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Digestive System Parts
Your digestive system is responsible for processing food. Breaking it down into usable substances. Then introducing them into your bloodstream. Here we’ll talk about:
- Salivary and Parotid Glands
- Gallbladder… add “Digestive Bitters”
- Small Intestine
- Large Intestine
Digestion begins in your mouth. Teeth and tongue begin to breakdown food. Aided by saliva secreted by the salivary glands.
The chewed food and saliva is swallowed. Then carried with peristaltic (contractile) waves down the esophagus to your stomach.
To further break down food, your stomach combines it with hydrochloric acid. When the food is thoroughly digested, the remaining fluid is called chyme. It’s passed through the pylorus sphincter, to the small and large intestines.
Inside the intestine, nutrients are absorbed from chyme into the bloodstream. This leaves unusable residue in the colon and rectum where it’s stored for excretion. The colon is where most of the water is absorbed into your bloodstream.
At this point, the waste is solid and called feces. It’s compacted and passed through your anus.
Throughout your digestive tract, the pancreas, spleen, liver and gallbladder secrete enzymes that help the whole process.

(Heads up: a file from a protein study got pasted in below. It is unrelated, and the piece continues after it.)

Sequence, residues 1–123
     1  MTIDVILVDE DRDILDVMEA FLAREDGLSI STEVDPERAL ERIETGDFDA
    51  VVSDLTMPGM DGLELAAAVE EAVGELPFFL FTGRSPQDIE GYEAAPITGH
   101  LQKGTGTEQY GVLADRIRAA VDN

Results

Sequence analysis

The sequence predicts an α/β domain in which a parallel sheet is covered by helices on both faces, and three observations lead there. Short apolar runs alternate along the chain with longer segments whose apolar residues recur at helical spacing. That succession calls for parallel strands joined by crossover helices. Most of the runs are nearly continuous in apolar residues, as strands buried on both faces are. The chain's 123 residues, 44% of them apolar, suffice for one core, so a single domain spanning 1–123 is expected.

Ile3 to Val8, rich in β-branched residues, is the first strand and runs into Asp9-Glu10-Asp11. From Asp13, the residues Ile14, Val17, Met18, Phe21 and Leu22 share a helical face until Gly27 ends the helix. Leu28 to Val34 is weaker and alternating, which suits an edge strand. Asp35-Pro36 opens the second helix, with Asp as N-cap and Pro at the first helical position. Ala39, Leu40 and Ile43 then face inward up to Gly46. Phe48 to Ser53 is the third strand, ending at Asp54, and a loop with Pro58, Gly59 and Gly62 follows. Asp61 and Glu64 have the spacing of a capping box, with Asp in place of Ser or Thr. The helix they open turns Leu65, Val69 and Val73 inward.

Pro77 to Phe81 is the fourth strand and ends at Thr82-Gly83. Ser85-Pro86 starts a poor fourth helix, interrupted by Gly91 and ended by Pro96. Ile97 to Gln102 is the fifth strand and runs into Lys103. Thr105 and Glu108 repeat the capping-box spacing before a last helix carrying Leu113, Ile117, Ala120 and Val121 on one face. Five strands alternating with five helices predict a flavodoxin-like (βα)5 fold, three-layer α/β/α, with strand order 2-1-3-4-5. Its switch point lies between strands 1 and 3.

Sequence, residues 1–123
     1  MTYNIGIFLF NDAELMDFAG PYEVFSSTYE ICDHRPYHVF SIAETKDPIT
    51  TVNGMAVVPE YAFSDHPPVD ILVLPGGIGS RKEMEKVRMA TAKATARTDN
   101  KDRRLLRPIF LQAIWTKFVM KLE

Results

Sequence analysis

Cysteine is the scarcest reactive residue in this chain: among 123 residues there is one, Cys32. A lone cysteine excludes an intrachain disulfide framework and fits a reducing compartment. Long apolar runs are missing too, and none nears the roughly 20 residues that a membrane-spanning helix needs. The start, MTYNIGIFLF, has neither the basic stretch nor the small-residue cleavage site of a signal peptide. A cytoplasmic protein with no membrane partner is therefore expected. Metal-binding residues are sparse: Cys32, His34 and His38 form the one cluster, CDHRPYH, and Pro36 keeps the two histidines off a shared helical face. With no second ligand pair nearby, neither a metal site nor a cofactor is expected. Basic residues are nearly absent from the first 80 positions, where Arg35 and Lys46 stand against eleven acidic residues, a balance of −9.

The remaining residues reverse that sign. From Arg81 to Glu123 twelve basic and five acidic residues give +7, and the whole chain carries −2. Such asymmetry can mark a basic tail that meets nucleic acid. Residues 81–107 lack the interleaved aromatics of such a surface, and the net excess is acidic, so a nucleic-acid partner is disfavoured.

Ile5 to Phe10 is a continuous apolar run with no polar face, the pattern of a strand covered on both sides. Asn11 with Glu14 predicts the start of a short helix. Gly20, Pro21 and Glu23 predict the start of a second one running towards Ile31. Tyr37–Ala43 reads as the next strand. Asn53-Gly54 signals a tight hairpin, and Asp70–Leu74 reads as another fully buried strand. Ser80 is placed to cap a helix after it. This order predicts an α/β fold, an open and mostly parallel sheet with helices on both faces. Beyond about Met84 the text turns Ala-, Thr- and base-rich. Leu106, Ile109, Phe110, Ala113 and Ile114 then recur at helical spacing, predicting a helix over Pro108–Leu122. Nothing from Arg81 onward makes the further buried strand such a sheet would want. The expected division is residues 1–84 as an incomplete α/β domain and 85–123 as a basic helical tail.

Responsible for articulation in speech, tasting, chewing and swallowing food. The mouth cavity is formed by the palatine bones and the palatine processes of the maxilla on top and by the mandible on the bottom.
At the opening of the mouth cavity are the lips. Muscular structures which are covered with thin, membranous skin.
The lips occlude the mouth opening during chewing to keep food and liquid within. Help manipulate food during chewing. Facilitate articulation in speech. Within the mouth cavity, the teeth extend down from their maxillary sockets and up from their mandibular sockets to form the dental arcade. The muscles and skin of the cheeks cover the outer sides of the mouth cavity.
When food is brought into the mouth, the lips should close, and salivary glands produce saliva to lubricate mouth and moisten food. The inner surface of the lips, tongue and cheeks manipulate the food so that it’s brought between the teeth as the teeth clamp down on the food. In a combined action of these motions, with a semicircular, grinding motion of the teeth, the food is chewed into a paste with the saliva.
Enzymes in the saliva begin to break down food. The tongue moves a portion of this food paste to the back of the mouth cavity by pressing it up and back along the hard palate. The soft palate raises to seal off the nasal cavity. The ball of food paste (bolus) is passed into the pharynx. The epiglottis lowers to cover the airway to keep food from entering the larynx. From the pharynx, wave-like contractions (peristalsis) push the bolus down into and through the esophagus and into the stomach, where it is further digested.
Salivary and Parotid Glands